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Volume 13, Issue 3;   January 16, 2013: The Problem of Work Life Balance

The Problem of Work Life Balance

by

Last updated: August 8, 2018

When we consider the problem of work life balance, we're at a disadvantage from the start. The term itself is part of the problem.
A tensile failure of a bottom chord in a covered bridge

A tensile failure of a bottom chord in a covered bridge. For many of us, the word balance brings to mind a pan balance. We put so much "work" in one pan, and we balance it with so much "life" in the other pan. Pan balances, such as the one held by Lady Justice, suspend the two pans from a cross beam. That beam, like all beams, must bear the total weight of both pans and their contents. And that beam, like all beams, will break if the weight it must bear is heavy enough. Balance is thus not the only matter of concern. Photo courtesy the Federal Highway Administration of the U.S. Department of Transportation.

For about twenty years, the problem of "work life balance" has been very fashionable. Briefly, some of us at times are so seduced by work that our personal lives suffer. We devote too much of ourselves to work and working, and too little to building and maintaining relationships with friends, loved ones, and ourselves.

Although I agree generally with the goal of the "work life balance" movement, I'm uncomfortable with the subtle message we send ourselves when we use the metaphor "work life balance."

Word choices can convey subtle messages that can distort our view of the world. Consider, for example, the word mother as a verb. In U.S. English, when we think of mothering, most of us think first of looking after, caring for, protecting, or nurturing. Mothering connotes an ongoing process that is fundamental to the relationship between a female and her offspring, or her adopted offspring. More rarely, mothering can denote the process of giving birth.

Now consider the word fathering. To most of us, what comes to mind first is begetting offspring, or creating, founding, or establishing something. Fathering usually connotes an act of procreation or creation. More rarely, fathering connotes the process of acting as a father to somebody, by providing, protecting, or giving advice.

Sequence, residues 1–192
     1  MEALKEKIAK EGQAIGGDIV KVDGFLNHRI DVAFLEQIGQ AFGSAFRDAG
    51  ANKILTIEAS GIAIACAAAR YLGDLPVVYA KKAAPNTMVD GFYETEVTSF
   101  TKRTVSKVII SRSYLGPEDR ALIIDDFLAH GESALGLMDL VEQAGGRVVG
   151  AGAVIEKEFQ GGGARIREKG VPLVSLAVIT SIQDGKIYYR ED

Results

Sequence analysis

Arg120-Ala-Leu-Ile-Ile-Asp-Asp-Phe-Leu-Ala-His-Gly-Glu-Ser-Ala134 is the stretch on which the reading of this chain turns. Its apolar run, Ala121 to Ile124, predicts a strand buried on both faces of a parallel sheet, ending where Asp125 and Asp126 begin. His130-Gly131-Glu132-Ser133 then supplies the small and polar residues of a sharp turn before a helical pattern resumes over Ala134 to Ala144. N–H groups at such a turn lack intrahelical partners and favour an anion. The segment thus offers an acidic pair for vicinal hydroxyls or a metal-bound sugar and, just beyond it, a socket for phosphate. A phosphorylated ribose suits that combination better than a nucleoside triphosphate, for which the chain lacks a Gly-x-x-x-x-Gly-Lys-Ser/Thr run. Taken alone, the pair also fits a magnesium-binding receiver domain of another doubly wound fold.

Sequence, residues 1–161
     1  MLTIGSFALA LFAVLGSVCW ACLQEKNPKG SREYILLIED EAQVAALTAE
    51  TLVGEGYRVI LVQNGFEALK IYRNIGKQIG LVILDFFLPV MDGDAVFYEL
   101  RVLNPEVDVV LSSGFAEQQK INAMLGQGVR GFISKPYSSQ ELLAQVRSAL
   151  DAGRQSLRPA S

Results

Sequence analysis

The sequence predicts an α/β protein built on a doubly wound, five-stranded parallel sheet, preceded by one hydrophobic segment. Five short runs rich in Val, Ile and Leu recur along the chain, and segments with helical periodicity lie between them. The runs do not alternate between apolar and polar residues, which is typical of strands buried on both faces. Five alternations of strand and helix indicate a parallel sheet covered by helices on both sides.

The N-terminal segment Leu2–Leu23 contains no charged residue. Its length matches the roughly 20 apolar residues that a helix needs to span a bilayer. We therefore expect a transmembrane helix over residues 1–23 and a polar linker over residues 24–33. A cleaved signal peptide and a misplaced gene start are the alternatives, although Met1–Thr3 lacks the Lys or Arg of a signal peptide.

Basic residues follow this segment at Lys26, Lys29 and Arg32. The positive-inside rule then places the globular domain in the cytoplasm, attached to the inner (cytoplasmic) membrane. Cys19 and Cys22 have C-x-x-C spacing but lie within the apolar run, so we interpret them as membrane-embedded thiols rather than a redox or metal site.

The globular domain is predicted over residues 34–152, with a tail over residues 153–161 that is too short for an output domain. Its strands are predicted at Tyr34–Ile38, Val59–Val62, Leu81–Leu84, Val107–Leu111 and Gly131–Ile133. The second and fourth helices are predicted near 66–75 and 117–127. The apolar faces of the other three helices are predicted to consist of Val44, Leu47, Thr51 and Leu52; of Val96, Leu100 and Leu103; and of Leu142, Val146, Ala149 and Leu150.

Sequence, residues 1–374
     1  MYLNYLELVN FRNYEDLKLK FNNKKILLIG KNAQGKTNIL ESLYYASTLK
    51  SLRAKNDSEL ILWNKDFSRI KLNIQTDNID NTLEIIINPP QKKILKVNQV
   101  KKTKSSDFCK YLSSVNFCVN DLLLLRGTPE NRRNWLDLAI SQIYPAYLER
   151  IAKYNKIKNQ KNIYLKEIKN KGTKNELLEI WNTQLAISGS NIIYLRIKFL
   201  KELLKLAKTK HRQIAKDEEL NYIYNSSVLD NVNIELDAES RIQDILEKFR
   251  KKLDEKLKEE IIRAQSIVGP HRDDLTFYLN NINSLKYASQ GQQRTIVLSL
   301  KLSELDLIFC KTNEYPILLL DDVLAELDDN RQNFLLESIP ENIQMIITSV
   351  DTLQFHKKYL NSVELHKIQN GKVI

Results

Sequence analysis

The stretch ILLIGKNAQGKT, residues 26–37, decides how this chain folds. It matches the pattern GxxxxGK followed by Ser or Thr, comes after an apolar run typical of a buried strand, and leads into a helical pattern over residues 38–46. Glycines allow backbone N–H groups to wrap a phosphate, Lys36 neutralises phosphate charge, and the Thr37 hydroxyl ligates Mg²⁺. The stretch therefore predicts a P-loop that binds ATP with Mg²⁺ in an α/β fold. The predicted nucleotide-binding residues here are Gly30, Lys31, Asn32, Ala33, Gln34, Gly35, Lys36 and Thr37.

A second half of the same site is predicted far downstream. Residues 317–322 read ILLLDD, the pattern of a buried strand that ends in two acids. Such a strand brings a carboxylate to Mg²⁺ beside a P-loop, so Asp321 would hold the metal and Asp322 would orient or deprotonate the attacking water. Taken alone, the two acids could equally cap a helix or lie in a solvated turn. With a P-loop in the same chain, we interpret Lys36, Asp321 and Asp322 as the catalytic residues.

Both mothering and fathering can connote acts of creation or relationship. But in their usage these two words couldn't be more different. Those who seek to change the family roles of mother and father must contend with the subtle messages conveyed by our language. It isn't a small problem.

So it is with the term "Work Life Balance," which carries with it two very serious problems.

Work and Life are inseparable
Contrary to fact, the term presumes that Work and Life are separable. They are not. We might not like the work we do, and we might be planning a change, but whatever the Work, it's part of Life.
Seeing our work as Contrary to fact, the term
Work Life Balance presumes
that Work and Life
are separable
part of our lives is essential if we want to make conscious choices about how we live our lives.
Balance implies an impossible metric
Balancing two things requires a one-dimensional metric by which we measure them both. But there's no such metric for "work" and "life," even if we concede that they're separable (which they are not — see above). Measuring them in hours or even waking hours won't do, because the quality of time spent with loved ones can be more important than the quantity.
We cannot measure Work or Life. Instead, focus on what matters most: the health of relationships with loved ones. If those relationships aren't right, what else matters?

Even if Work and Life were separable, and even if we could find a way to "balance" them, the question of total load remains. Any beam, if overloaded, even in a balanced way, will fracture. The Work Life Balance metaphor says nothing about that. Go to top Top  Next issue: Preventing Spontaneous Collapse of Agreements  Next Issue

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For more about metaphors, see "Metaphors and Their Abuses."

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